Good evening. China’s rise is often analyzed in relation to the United States, but in truth, it is a global phenomenon, the effects of which are clear in this week’s issue. From militarizing outer space to changing global governance to exploiting economic opportunities in emerging markets, the whole planet is involved. We’re off next Sunday in honor of those dog days of summer, but subscribers will still receive David’s weekly reading list as well as the daily news roundup on our site. If you’re not already a paid subscriber to The Wire, please sign up here.
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The Dragon Has Landed
With its recent high-profile Mars mission, China showed the world just how far its ambitious space program has come. Now, with growing U.S. concerns about the potential adversary ‘catching up,’ defense analysts are warning that the battle for outer space is not so much a race as it is a chess match. And, as space journalist Andrew Jones reports, when it comes to space, China is playing to win.
The Big Picture: China’s Commercial Space Sector
Most of the technology for China’s national space missions is made by China Aerospace Science and Technology Corporation (CASC), the state-owned enterprise that holds the main contracts for China’s space program. But new opportunities have emerged in China’s private space sector. In this week’s Big Picture, we look at the recent rise of commercial space companies in China.
A Q&A With Elizabeth Economy
Elizabeth Economy is a leading expert on China’s foreign policy and an incoming Senior Fellow at the Hoover Institution at Stanford University. In this week’s interview with The Wire’s Katrina Northrop, she discusses how China’s role in the world has evolved in recent years, including the motivations behind its newfound assertiveness and the challenges it will pose for the global order.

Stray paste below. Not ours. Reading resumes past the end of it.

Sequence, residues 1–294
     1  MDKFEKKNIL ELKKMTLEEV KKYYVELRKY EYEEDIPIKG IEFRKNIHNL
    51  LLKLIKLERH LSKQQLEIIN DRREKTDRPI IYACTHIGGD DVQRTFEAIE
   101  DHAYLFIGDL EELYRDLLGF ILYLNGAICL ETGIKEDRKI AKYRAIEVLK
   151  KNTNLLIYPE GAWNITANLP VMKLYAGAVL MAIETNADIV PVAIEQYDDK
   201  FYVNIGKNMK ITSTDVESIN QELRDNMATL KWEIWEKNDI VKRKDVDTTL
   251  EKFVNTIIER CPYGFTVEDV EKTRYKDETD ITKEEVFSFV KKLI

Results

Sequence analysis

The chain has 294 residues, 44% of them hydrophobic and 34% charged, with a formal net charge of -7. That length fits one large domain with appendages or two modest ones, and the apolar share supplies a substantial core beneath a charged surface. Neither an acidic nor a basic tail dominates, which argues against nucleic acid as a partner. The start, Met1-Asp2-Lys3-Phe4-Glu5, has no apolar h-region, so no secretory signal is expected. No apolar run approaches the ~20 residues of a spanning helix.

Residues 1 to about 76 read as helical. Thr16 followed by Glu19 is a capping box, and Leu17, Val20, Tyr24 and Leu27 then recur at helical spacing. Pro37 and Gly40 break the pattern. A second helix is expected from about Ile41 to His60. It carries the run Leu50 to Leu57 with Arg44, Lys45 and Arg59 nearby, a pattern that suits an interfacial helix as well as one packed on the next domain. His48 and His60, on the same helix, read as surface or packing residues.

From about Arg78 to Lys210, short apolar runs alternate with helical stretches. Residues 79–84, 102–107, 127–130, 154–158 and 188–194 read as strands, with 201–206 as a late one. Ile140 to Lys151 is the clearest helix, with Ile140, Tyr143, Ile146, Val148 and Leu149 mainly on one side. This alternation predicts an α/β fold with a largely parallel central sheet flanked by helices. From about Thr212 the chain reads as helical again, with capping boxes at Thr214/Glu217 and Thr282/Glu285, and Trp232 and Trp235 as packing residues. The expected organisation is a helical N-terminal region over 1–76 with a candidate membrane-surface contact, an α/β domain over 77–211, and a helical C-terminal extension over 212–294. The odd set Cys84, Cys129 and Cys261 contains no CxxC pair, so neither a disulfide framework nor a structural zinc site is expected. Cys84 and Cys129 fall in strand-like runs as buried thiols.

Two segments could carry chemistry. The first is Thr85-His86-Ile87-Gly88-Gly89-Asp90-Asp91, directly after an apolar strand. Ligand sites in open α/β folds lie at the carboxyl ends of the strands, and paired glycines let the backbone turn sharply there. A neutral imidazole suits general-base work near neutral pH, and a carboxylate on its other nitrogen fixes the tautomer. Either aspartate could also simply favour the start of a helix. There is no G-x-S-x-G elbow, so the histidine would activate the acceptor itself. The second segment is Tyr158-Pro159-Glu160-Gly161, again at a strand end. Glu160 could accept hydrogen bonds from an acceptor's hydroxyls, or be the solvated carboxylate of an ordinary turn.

Illustration by Kate Copeland
China’s Expeditionary Entrepreneurs
The UK’s anti-Huawei policy, announced only two weeks after India became the first country to ban the Chinese video-sharing platform TikTok and 58 other Chinese apps, might appear to signal that the tide is turning against China’s global technological ambitions. More quietly, however, Chinese startups continue to find success abroad. And, increasingly, Kristine Lee and Coby Goldberg argue, they are shaping the digital pathways of emerging economies.
Supply Chain Tangle
Xinjiang is a surprising critical link in the global supply chain. The region supplies the raw material needed to produce as much as one in five of the world’s cotton garments, and it grows about 70 percent of the country’s tomatoes. Now, in the wake of a report documenting Western companies entanglement in the Chinese government’s forced labor of the Uighur population there, many multinationals are trying to free their supply chains from the region. As The Wire’s Katrina Northrop reports, it’s more difficult than it sounds.
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